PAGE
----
Harlock and Phillips are sharing a cigarette on their double bed. There’s no place else for them to sit, since they made the living room of their St. Marks Place one-bedroom into a makeshift quarters for their two roommates. “I feel like I still live in a dorm,” Harlock says, exhaling as one of Tom’s acid-jazz CDs plays in the background. “The dresser is a friend of mine’s. I found all the chairs on the street on garbage night and reupholstered them. I’ve had that stereo since I was 16.” The sewing machine sits on a desk. The closet boasts an impressive collection of thrift-shop finds, like the Asian silk top with embroidery, beading, and gold sequins she’s wearing today. Across the room, a handbag hanging on a wall hook has a distinctive Gucci pattern. “Four dollars,” she smiles.
“You’re invited, but you’re standing there with headsets on, going, ‘Sharon Stone is approaching!’”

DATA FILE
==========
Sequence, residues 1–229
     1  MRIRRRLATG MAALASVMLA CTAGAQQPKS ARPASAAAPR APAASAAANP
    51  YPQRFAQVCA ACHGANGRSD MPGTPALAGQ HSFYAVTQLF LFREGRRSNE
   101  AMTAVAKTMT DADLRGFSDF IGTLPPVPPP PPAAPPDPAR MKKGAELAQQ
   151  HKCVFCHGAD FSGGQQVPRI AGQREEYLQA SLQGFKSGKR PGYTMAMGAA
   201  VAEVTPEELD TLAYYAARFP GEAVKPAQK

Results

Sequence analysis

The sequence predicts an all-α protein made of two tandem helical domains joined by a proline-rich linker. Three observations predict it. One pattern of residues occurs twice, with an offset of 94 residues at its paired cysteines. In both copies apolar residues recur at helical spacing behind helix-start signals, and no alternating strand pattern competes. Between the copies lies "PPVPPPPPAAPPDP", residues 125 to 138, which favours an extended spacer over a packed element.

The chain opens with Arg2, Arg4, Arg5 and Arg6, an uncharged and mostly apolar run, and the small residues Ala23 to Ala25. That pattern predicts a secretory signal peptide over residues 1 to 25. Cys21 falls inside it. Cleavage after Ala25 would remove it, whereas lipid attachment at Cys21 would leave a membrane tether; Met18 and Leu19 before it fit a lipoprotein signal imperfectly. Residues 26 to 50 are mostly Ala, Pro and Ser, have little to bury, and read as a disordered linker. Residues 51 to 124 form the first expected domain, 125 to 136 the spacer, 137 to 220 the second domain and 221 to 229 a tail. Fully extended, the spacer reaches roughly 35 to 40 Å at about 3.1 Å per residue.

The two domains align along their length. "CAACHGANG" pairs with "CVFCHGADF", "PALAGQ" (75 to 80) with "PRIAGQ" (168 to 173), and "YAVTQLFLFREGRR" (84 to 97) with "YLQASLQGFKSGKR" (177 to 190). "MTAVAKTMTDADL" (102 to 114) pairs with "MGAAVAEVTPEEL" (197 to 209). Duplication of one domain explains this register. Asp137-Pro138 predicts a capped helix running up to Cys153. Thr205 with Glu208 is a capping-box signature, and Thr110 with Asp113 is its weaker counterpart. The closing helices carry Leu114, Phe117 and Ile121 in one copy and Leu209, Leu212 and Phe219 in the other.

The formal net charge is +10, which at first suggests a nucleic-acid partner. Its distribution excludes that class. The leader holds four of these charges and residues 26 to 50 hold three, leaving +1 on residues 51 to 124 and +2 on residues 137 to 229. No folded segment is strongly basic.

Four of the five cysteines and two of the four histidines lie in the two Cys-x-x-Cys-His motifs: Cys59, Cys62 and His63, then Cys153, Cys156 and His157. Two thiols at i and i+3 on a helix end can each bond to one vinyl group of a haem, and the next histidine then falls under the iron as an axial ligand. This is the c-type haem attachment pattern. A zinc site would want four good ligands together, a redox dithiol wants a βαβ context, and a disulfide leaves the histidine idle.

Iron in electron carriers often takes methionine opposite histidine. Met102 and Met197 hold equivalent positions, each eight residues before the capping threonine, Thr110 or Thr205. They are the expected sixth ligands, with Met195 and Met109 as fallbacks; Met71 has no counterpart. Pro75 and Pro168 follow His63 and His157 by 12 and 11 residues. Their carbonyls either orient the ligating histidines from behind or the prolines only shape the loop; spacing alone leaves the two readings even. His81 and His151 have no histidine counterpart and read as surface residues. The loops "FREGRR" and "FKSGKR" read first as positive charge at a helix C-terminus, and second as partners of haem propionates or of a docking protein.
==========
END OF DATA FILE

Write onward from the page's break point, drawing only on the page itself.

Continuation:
They’re enjoying a mellow Saturday, a stark contrast to the second act of their evening at the City Opera fête two nights before. “The after-party was two doors down from Chez Es Saada at an old school this guy’s redone as his home. There were courtyards inside, snow with rose petals, a sunken living room with ceilings ten times higher than these. It’s all part of the fantastical New York I imagined when I was younger,” says Harlock. “I don’t want to say it’s like a Great Gatsby party, but I am aware that it’s an illusion.”
Their third-floor walkup just seems like part of the game. “I don’t understand the concept of making a million dollars when you’re 25,” she continues. “I can’t see myself making more than $40,000 – I can’t see any reason to until I have kids. You can still have a great time in New York: I can pay my rent, eat out a few nights a week. It’s more romantic.”